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Weary Maui residents on edge as firefighters battle 2 blazes

  • Video courtesy Blue-Hawaiian Helicopters

    Gov. David Ige declared Maui County a disaster area in an emergency proclamation Friday. The South Maui brush fire that began Thursday burned 12,000 acres by Friday evening.

  • COURTESY CHRIS SUGIDONO / MAUI COUNTY

    Thursday’s fire in South Maui prompted evacuation orders and diverted flights.

  • BRYAN BERKOWITZ / SPECIAL TO THE STAR-ADVERTISER

    Smoke encompassed the recently decommissioned Puunene Sugar Mill on Maui as crews battled a fire that broke out Friday afternoon. The fire in South Maui that began Thursday has scorched at least 9,000 acres.

  • THE NEWS VIA ASSOCIATED PRESS

    An out of control wildfire that began along a major Central Maui highway burned Thursday.

Just when Maui officials thought they had a handle on the 9,000-acre South Maui fire that began Thursday, a second, separate blaze in Central Maui broke out Friday afternoon.

Police have opened an arson investigation into the Central Maui fire in Puunene that had burned at least 200 acres as of late Friday afternoon.

County officials said at 9:40 p.m. that the South Maui fire was 70% contained, while the Puu­nene fire that broke out at about 1:30 p.m. in the area of Target, Lowe’s and Safeway off Hookele Street was 80% contained.

Police said they are interested in identifying a truck and its owner as it was seen leaving the area of the Hookele Street fire. It is described as a maroon-colored Ford truck, early to mid-2000s with truck racks and dual rear wheels.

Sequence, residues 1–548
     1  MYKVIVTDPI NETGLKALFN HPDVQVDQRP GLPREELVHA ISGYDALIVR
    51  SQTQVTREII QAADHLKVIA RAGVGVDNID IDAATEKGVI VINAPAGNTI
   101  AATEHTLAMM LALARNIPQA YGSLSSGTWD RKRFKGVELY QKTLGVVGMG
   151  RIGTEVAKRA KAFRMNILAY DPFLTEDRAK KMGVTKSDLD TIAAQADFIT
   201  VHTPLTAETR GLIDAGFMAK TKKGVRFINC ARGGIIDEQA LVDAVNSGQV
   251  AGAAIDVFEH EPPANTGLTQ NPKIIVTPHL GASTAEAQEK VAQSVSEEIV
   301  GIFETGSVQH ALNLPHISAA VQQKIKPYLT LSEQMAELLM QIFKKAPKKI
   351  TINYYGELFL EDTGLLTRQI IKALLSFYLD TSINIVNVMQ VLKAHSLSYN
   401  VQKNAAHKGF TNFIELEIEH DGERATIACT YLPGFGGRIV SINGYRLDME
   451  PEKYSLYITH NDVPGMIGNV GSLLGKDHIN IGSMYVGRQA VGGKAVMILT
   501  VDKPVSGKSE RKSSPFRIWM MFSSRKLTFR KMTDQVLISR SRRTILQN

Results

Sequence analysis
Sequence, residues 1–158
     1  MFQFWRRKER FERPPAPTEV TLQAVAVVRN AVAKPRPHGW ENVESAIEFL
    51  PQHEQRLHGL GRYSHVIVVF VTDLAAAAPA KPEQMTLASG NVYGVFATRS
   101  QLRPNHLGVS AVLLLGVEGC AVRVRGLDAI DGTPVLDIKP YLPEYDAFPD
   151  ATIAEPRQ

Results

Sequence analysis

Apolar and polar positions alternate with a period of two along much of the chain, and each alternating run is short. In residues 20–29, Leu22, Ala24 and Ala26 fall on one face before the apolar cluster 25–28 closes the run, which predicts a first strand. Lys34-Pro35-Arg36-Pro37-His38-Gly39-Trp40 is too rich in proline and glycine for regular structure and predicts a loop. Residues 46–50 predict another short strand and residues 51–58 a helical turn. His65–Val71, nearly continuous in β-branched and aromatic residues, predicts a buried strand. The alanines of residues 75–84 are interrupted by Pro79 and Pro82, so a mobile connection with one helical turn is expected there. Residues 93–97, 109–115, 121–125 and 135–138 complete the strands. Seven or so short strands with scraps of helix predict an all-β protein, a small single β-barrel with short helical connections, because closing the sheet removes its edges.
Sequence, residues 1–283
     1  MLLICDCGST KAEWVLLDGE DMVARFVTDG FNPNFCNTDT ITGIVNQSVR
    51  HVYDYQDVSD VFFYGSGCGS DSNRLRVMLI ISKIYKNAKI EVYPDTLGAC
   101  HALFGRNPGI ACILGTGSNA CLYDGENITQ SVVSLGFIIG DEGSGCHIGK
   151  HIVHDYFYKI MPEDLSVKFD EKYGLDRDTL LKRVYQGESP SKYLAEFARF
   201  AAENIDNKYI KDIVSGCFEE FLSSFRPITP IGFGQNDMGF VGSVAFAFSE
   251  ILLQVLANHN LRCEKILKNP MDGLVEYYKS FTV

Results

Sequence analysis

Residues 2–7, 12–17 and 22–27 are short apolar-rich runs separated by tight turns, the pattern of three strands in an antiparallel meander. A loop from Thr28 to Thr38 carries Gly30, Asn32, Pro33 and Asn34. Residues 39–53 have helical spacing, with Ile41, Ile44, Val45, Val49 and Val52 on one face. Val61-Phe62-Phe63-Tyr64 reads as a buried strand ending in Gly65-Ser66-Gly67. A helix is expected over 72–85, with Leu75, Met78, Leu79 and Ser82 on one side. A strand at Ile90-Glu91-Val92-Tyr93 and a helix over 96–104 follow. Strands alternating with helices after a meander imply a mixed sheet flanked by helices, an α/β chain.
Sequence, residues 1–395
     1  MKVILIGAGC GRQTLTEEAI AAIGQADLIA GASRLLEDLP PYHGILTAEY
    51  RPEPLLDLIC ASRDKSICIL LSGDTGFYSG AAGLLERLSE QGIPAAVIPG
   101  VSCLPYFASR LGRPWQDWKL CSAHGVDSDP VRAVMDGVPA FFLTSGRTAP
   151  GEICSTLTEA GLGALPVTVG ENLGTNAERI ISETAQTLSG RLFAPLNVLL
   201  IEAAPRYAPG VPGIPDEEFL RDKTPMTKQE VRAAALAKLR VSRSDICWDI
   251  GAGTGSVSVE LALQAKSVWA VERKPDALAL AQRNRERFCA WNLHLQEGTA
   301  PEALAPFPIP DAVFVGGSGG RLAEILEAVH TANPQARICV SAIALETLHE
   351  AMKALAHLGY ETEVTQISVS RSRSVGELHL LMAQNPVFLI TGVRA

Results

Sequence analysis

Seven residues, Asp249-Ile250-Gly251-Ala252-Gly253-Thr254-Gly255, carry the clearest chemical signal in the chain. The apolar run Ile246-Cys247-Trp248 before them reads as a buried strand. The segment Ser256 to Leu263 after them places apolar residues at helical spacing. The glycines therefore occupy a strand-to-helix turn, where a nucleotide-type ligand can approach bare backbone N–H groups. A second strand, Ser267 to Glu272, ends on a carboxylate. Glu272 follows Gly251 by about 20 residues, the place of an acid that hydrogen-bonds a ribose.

While visitors were able to fly out Friday, residents living in the aftermath of the conflagration are angered, saddened and dealing with the residual smoke, ash and fear of flare-ups and new fires breaking out.

“It’s honestly very surreal,” said North Kihei resident Taryn Bovee, 34, who slept Thursday in her car at a dog-friendly resort with her two dogs and returned home to the nauseating smell of smoke inside her home and ash in the yard.

“When I let the animals out, they came running back in like, ‘What is that?’ Everything is covered in soot,” she said.

“The wind picked up like crazy” Friday, she said. “I was sure something was going to flare up. We’re just waiting to see what’s going to come of everything. We got our go bags ready, but we’re worried about the main highways being shut down again.”

Gov. David Ige declared Maui County a disaster area in an emergency proclamation Friday that will enable the state to provide relief from fire damage.

At a 3 p.m. news conference, Maui Police Department Maj. Vic Ramos said mistakes were made Thursday night, but it was unclear what he was referring to. He mentioned the positioning of police officers and roadblocks.

He said things were chaotic and were moving quickly Friday, and “we want to make sure we don’t make the same mistakes.”

Mayor Mike Victorino addressed his choice not to allow the public to use a private access road owned by Oprah Winfrey and Haleakala Ranch, saying, “I would not encourage nighttime use,” but conceded it could be used for evacuation.

He said there was not enough police presence Thursday, and was “not going to send people up there where there’s more smoke,” referring to the Kula area.

On Friday he said there are other highways available. Victorino said he also did not keep the Army National Guard’s helicopter on Maui because it appeared things were under control. That was before the Puunene fire, which was next to Kahului Business Park.